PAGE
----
>> Saturday, April 20, 2013

Some books I feel so eager to read, and then I read them and find out that I pretty much knew most of the information anyway. Bottlemania was this book for me.

Part of this is that by the time I had bought this, a lot of people had already begun feeling like bottled water is a waste. A perfect example of this would be folks who would buy a bottle of water at The Grand Cinema, when I was working as a volunteer, rather than getting a free cup of water or two. After the movie, we'd all find tons of bottles that would have to go into the recycling, because some folks would just throw them into the garbage. A free glass of (tap) water (with ice) or a small bottle of water? Hm. This is why I take my own bottle of water to the movies in my bag.

But there were three quotes in the book I found interesting.
Every time I hear about Coke or Pepsi's elaborate filtration procedure, I sink a little deeper into a funk. Why is there so much stuff to remove from tap water? Because we've neglected our pipes and conduits, I remind myself; we've washed drugs and industrial and agricultural contaminants into our rivers; we've condoned urban sprawl, which sends sediment, upon which bacteria thrive, into our reservoirs; and our efforts at disinfection sometimes make matters worse.

The alternative--bottled water--presents another set of issues. Producing and transporting it burns oil, which contributes to global warming, and the bottles themselves may harm our health by leaching chemicals. As we hurtle into the future, all of our drinking-water choices seem to be problematic. If only we'd taken better care of our resources yesterday, we wouldn't be in this mess today. And while my first instinct is to blame the government for letting agriculture, industry, and developers off the hook, I have to admit it's all of us: it's the way we've come to live. We want convenience, cheap food, a drug for every mood, bigger houses, and faster gadgets. Whether it's building a second home or manufacturing meat, magazines, or mopeds, it all takes a toll on our water. (p. 160-1)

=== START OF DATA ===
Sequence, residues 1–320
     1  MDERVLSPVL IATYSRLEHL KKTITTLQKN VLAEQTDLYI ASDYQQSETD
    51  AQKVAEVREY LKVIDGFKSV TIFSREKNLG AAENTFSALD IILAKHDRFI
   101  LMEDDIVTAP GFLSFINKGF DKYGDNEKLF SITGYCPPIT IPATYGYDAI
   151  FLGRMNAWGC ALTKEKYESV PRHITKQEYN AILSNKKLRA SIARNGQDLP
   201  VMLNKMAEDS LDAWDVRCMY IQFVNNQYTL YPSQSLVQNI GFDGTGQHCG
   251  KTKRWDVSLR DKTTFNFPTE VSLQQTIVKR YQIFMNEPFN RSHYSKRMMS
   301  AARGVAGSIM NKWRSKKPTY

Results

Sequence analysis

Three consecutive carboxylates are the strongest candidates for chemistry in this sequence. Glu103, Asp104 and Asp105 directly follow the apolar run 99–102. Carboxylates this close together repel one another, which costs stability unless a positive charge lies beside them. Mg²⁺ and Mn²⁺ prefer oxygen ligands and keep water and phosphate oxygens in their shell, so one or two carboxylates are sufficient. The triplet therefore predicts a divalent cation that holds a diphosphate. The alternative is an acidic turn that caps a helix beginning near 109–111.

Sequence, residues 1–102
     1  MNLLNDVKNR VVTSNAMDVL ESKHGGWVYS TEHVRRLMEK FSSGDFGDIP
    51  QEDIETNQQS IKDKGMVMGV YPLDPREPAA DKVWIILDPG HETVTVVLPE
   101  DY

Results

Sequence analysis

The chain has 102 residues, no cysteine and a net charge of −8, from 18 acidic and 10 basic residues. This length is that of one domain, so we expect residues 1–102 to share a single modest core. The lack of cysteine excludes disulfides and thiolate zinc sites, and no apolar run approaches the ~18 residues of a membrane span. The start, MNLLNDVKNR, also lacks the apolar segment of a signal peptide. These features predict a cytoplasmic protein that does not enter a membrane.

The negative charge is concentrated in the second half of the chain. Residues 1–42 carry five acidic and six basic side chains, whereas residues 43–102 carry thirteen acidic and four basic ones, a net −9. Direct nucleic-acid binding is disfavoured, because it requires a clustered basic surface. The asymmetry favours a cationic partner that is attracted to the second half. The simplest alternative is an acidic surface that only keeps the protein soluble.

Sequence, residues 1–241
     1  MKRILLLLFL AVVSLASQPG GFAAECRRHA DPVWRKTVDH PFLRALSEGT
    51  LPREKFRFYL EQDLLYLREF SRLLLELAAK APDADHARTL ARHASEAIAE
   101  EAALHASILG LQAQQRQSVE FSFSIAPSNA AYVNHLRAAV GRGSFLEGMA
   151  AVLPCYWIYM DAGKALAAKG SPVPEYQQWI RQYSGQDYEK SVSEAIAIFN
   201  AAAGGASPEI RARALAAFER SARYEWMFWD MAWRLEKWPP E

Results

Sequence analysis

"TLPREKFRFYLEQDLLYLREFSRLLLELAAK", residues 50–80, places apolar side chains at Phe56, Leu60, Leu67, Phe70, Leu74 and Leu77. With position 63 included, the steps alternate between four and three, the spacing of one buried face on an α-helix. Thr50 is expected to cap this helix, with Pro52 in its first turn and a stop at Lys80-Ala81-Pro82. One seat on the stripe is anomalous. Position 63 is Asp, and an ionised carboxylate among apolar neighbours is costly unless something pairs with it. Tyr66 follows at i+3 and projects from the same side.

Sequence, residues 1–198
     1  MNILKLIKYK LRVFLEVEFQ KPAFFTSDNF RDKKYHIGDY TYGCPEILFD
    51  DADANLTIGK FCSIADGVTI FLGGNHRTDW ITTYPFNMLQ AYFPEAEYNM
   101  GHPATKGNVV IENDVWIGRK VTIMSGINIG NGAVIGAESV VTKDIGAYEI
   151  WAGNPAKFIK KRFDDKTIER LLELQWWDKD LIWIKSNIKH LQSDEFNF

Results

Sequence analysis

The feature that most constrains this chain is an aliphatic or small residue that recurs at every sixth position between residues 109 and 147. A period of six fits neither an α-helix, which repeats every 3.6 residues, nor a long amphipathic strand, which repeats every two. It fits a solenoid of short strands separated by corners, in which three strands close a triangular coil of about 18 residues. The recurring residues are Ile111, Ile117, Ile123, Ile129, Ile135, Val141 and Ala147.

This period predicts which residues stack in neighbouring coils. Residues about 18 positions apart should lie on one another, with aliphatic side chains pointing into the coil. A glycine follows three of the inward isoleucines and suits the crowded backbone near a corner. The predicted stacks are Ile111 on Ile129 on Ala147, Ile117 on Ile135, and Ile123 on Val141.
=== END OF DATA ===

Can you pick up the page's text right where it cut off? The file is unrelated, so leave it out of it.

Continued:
In coastal areas, groundwater pumping by agricultural and industrial interests has allowed salt water to creep into freshwater aquifers from the sea. Elsewhere, overpumping has pulled has pulled heavy metals and other pollutants into drinking water and washed away soil or bedrock to create sinkholes--depressions in the earth's surface sometimes big enough to engulf trucks or houses. According to the U.S. Geological Survey, more than 80 percent of the nation's identified land subsidence, or sinking, is a "consequence of our exploitation of underground water." In Massachusetts, groundwater pumping for municipal supplies converts parts of the Ipswich River, in the summertime, into a shallow canyon of mud. In eastern Michigan and in eastern Texas, commercial extraction of groundwater has dried up neighbors' drinking-water wells, and in other states, reports the Michigan Chronicle, a Detroit weekly, "groundwater pumping has severely diminished lakes, streams and underground aquifers used for drinking water and to irrigate farm fields." (p. 58-9)
Global warming will affect the quality of our water as well as its quantity. In warmer temperatures, more microbes flourish in surface water; if they move into pipes, they could feed biofilms, which include pathogens, in the distribution system. Climatologists agree that global warming will make the earth, on average, wetter. But more rain and snow will fall closer to the poles, and precipitation will fall during sporadic, intense storms, rather than smaller, more frequent ones. A warmer climate will bring more frequent floods, which will increase the flow of sediment and polluted runoff into our water supplies. Floods will damage pipes that move good water in and bad water out. In drier areas, perversely, we'll see more droughts. Not only will there be less water for home consumption, industry, and agriculture, there will be less water to dilute pollutants. (p.202-3)
Yay! I'm so excited!


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